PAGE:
Nagqu Frigid Grassland
Meaning “Black River” in Tibetan language, Nagqu is located deep in the bosom of Dangla Mountain Range, Nyainqentanglha Range and Gangdise Range. Covering a total area of over 400,000 square kilometers, Naqu area is mostly wrapped in wormwood.
Only 3-5 centimeters high, this kind of wormwood grows tenaciously in this cold land, with a well-developed root system and a dense turf that covers the soil like a huge rug. The abundant pastures and large numbers of cattle make up a grand plateau scene. The Nagqu Grassland, 4,200 meters above sea level in the Thanglha and Nyainqentanglha areas, is typical frigid meadow grassland. On this vast no-man’s land, there are numerous rivers and hot springs, and majestic ice peaks mirrored in the limpid lakes of Namtso and Serlingtso.
Nagqu is known for its vastness and iciness. The harsh natural conditions have also protected the grassland from human destruction, and maintained its overwhelming primitiveness, which often startles visitors. In the endless No-man Area, wild yaks, chirus and kiangs are wandering, which adds more charm to this mysterious land.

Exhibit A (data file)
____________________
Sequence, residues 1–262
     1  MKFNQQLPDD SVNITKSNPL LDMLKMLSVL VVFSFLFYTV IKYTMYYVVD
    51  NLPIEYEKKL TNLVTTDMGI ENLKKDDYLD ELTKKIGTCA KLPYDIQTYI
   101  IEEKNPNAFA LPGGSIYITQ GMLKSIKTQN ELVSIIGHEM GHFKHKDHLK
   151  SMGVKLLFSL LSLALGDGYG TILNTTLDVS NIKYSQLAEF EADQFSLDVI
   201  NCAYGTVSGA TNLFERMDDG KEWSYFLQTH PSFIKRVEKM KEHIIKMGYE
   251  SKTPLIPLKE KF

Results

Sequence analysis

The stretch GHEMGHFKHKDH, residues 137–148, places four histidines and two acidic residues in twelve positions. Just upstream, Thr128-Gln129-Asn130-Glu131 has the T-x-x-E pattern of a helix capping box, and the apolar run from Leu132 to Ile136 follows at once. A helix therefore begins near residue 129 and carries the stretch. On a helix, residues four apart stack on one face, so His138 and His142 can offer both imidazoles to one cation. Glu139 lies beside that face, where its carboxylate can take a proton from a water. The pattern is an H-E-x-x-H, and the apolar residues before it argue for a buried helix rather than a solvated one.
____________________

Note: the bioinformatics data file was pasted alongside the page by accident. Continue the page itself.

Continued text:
Nagqu County is classified by Tibet as one of the open tourist areas. August is the golden season of North Tibet, for the Horse Race Festival will be held here. Many local people, peddlers and tourists come together in crowds. The best time to view this grassland is just after a summer shower, when the green land joins the blue sky in the far distance and the drooping white clouds float over the flocks and herds. As the tweeting of larks breaks the silence, hordes of Tibetan antelopes and Kiang (wild ass) start a race on the pastureland, with their proud heads raised high.
Admission fee: Free
Opening hours: The whole day
During Nagqu Horse Race Festival, there are midibuses heading for Nagqu County, which will cost you RMB 2.
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